As illustrated with 2-methacryloylethyltrimethylammonium chloride and 2-acryloylethyltrimethylammonium chloride, copolymerizable monomers having a reactivity ratio in the range of about 8.75-0.92:1 are useful as promoters in the presents invention. However, a copolymerizable monomer not within this range may also be useful, provided that it is more reactive than DADMAC with acrylamide. Essentially, the copolymerizable monomers are sufficiently more reactive than DADMAC with acrylamide such, that they provide improved incorporation of DADMAC into the acrylamide polymer.
The promoter monomer of the general formula will typically be used in an amount that is economical yet effective. Generally, about 0.1 to 40 mole % of the promoter monomer, based upon total moles of the DADMAC monomer, provides improved incorporation of DADMAC into an acrylamide polymer. The proper dosage will depend upon factors including the particular monomer selected for use as the promoter, and the amount of DADMAc. As the amount of DADMAC is increased, it is generally beneficial to increase the amount of promoter monomer. Furthermore, increasing amounts of promoter monomer typically result in increased DADMAC incorporation. While the dosage of promoter monomer required to provide improved incorporation of DADMAC into an acrylamide polymer cannot be predicted with certainty in every instance, a dosage within the above limits can be determined with simple experimentation.
A further essential feature of the present invention is that the polymerization be carried out in an aqueous polymerization medium which is preferably an emulsion polymerization system, but includes, as well, solution polymerization. When emulsion polymerization isused, the one or a combination of surfactants that provide a suitable HLB, preferably an HLB of not more than about 8 are used. Surfactants of this type are well known, and for example, may comprise a mixture of sorbitan monooleate sorbitan trioleate and ethoxylated 12-hydroxystearic acid, such that the mixture has an HLB of 5.5. It will be understood that a single emulsifier could be used, rather than a combination of surfactants, so long as a suitable HLB is obtained.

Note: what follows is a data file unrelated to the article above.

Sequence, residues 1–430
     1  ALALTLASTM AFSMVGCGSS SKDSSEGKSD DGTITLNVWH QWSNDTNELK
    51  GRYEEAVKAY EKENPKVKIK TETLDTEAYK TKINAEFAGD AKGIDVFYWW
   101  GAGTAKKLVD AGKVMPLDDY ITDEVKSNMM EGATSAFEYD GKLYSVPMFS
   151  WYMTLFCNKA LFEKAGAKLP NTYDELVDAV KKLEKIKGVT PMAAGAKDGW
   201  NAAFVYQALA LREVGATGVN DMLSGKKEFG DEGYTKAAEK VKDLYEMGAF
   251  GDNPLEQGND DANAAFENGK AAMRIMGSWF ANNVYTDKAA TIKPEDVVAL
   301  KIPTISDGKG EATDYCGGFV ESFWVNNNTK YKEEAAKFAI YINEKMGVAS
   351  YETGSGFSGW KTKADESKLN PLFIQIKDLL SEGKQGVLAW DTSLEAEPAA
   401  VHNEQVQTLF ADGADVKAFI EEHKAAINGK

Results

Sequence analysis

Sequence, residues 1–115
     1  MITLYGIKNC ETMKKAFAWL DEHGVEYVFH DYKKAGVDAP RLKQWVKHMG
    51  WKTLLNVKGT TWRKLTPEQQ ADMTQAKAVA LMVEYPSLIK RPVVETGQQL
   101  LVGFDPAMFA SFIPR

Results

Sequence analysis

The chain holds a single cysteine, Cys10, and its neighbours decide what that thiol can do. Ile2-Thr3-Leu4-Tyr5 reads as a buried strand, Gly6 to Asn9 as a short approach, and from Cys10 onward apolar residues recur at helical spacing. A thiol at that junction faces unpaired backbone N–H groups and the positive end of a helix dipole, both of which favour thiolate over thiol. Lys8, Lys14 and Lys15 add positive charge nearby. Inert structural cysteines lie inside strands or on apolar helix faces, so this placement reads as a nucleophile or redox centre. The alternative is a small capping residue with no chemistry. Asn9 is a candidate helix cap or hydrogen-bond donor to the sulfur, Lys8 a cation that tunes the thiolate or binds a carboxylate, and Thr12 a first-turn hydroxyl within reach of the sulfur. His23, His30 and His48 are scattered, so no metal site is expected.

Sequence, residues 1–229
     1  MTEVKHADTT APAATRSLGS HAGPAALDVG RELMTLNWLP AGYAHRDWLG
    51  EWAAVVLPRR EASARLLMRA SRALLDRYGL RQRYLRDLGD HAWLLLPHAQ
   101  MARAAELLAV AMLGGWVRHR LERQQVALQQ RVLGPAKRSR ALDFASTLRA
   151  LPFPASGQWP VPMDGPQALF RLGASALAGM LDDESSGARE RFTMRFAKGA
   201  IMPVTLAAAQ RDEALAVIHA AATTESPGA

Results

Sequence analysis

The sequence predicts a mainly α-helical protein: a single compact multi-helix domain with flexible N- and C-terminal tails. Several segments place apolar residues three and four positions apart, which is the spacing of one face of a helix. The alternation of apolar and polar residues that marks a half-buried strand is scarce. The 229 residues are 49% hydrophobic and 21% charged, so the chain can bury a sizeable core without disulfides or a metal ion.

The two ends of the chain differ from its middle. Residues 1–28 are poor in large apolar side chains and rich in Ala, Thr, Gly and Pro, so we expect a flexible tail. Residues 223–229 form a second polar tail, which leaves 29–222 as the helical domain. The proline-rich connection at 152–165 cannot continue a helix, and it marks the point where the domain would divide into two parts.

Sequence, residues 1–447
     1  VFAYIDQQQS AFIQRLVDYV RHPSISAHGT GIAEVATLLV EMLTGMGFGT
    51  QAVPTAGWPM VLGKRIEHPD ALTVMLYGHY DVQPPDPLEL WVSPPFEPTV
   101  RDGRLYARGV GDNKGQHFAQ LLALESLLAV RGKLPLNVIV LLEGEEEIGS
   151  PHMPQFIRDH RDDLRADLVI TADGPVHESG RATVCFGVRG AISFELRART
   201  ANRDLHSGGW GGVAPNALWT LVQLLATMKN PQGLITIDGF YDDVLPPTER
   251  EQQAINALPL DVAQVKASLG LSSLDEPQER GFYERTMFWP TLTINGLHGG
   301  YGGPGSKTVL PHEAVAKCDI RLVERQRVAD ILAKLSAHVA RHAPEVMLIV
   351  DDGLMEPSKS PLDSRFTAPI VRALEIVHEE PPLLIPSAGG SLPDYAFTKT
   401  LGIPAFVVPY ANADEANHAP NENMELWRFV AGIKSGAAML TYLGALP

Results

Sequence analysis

In the practice of this invention, the procedure used to prepare an inverse emulsion in accordance with the present invention, is for the most part conventional. Therefore, the typical procedure now described is particularly intended to highlight those features that are novel.
A conventional inert hydrophobic liquid such as isoparaffinic oil, is mixed with certain conventional emulsifiers, and the resulting oil phase is homogenized. Afterwards, the emulsified oil phase is mixed with a solution of acrylamide, DADMAC and the promoter monomer, and the mixture is homogenized until about 90% of the droplets are between less than 5 microns in size.
The resulting water-in-oil emulsion is sparged with nitrogen to remove oxygen, and polymerization is inducted, conveniently by the addition of a conventional free radical initiator useful in emulsion polymerization. Exemplary initiators of this type include peroxyester initiators such as t-butylperoxypivalate.
Polymerization is generally carried out at a reaction temperature in the range of about 35°-55° C., advantageously at a temperature in the range of about 40°-45° C. A reaction temperature of about 60° C. will generally be an upper limit for a polymerization that forms an inverse emulsion. Polymerization is continued until less than about 1% acrylamide is present, thereafter a suitable high HLB surfactant, such as ethoxylated octylphenol, ethoxylated oleyl alcohol, preferably an ethoxylated nonylphenol, is slowly added dropwise to complete the preparation. This surfactant is added in an amount sufficient to provide for rapid release of the polymer from the inverse emulsion during intended end use of the emulsion for water treatment.
Once the emulsifier has been added, the inverse emulsion is ready for use, and has a viscosity generally within the range of about 100 to 600 cps, with the viscosity typically being in the range of about 100-300 pcs. Emulsions with appreciably higher viscosities may be undesirable because of pumping and handling problems attendant with excessively viscous liquids.